Introducing File::Symlink::Atomic

In Tips & tricks from my 4 months at Pythian, I showed how to give a symlink a new target atomically. I wasn't aware of any module to encapsulate that, so I quickly put together File::Symlink::Atomic.

This module is useful because it eliminates the need to know how to do this safely - simply

use File::Symlink::Atomic

and you get a drop-in replacement for CORE::symlink. It creates a temporary symlink (using File::Temp to get a unique pathname) pointing to your new target, then moves it into place with a rename call. On POSIX systems, the rename system call guarantees atomicity.

I put it on PrePAN to get some advice. I have no clue what that'll do on any non-POSIX systems that have symlinks (if the OS doesn't do symlinks, I can't help you). Is a rename call universally atomic? If not, how can I detect those platforms, and provide that atomic guarantee some other way?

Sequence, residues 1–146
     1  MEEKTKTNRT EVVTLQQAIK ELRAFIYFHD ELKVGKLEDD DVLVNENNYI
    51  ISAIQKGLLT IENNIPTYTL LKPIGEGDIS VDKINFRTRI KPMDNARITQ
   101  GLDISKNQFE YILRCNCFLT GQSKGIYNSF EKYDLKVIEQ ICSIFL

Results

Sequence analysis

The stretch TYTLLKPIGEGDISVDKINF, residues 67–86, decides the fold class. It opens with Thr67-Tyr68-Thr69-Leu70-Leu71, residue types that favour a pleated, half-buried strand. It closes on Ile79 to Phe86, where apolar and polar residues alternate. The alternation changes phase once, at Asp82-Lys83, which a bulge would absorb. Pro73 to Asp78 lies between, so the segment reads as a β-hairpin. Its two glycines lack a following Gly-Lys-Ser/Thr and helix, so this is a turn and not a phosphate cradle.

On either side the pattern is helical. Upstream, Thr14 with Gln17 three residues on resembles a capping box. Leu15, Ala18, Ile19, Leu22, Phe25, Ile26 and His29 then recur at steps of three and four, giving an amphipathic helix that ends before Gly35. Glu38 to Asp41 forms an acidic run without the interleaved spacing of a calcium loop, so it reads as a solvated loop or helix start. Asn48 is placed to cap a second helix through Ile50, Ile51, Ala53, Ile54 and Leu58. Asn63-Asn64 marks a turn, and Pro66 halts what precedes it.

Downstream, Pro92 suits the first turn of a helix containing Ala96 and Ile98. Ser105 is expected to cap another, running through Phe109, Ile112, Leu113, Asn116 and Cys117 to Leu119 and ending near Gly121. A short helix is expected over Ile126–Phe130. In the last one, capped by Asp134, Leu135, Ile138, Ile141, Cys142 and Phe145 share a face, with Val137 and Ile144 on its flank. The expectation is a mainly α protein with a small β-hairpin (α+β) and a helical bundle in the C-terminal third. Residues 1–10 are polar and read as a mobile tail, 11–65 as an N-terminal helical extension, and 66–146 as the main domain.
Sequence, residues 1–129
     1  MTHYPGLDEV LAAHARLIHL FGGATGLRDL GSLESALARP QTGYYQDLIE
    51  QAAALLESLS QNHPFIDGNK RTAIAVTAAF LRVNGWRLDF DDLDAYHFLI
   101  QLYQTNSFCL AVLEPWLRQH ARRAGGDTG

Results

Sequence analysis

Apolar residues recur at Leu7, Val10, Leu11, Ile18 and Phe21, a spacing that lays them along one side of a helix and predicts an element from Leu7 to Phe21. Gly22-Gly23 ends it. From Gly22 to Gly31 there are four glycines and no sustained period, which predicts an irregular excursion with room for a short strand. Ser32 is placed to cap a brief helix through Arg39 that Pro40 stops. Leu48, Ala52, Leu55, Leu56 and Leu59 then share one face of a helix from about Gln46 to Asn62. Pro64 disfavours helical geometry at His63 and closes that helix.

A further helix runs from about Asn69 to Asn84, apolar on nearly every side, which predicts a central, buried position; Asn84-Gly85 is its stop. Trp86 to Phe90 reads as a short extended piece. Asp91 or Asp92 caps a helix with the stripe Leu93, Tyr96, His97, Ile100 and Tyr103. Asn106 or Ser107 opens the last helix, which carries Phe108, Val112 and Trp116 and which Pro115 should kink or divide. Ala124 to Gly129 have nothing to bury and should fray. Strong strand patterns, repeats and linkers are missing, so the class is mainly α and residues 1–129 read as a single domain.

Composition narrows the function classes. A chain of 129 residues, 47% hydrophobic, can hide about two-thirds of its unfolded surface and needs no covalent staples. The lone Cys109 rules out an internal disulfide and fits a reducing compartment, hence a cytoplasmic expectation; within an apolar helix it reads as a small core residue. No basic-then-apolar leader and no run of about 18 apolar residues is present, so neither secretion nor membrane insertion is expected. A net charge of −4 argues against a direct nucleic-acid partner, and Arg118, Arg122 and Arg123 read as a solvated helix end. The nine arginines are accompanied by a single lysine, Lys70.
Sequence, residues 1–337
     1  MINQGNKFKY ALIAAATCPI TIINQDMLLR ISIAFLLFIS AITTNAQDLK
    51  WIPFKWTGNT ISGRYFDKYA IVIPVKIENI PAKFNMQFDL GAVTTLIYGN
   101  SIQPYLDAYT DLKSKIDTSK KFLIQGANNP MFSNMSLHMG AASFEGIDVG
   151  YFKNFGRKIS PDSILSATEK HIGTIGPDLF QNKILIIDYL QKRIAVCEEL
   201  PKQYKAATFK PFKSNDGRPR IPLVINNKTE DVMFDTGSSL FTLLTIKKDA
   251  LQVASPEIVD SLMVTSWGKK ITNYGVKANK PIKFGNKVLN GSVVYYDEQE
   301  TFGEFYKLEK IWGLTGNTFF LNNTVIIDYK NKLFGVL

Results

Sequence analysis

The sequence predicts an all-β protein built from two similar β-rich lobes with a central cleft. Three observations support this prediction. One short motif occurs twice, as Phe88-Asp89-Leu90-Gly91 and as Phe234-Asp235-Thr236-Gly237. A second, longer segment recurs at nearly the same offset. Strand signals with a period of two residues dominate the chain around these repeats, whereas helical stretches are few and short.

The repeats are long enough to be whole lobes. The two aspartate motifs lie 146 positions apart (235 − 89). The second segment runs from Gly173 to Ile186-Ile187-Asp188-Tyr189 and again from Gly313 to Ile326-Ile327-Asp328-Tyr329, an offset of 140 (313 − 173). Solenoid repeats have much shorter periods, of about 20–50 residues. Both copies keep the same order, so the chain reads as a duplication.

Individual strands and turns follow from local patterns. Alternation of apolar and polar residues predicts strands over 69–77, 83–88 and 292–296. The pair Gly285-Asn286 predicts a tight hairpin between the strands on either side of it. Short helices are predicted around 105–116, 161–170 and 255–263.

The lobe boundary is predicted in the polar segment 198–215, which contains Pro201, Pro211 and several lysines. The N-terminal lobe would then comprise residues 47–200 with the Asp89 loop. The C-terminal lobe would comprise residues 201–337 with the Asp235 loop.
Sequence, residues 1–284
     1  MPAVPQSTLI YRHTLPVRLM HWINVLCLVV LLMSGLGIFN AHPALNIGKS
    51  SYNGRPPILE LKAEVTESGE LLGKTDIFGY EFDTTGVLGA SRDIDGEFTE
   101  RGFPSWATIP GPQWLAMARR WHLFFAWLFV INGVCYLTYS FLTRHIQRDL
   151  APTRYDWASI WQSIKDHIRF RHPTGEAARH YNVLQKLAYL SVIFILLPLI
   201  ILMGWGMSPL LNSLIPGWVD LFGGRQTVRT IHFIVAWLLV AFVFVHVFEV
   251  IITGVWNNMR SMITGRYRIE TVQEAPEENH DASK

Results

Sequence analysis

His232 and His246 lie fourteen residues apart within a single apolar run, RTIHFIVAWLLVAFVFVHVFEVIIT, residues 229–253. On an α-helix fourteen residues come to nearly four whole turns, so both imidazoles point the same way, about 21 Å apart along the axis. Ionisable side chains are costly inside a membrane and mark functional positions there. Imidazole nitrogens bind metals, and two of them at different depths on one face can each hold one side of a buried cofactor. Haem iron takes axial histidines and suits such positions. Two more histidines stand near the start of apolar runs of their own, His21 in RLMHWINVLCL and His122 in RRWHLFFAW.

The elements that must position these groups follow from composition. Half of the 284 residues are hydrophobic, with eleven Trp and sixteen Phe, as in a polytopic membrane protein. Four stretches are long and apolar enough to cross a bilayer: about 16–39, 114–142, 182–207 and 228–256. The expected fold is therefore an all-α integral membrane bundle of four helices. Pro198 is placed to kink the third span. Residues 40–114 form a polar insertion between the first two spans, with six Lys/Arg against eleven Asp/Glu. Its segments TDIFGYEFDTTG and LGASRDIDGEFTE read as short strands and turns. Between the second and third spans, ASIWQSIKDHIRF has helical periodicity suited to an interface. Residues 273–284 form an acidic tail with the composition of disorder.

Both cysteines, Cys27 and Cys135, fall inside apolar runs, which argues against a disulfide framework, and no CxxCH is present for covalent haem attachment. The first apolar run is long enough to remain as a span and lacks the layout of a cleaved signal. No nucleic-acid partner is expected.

I didn't get any feedback, so I chose to simply release the module. It's now on CPAN. Enjoy!

Comment from Kushal Kumaran - May 29, 2012 at 9:07 am

The rename operation can fail if source and destination are not in the same filesystem. mv works by reading the source, writing to the destination, and then deleting the source, if the two are in different filesystems.

For atomicity purposes, it is sufficient to keep $tmp_symlink_name in dirname($symlink_name).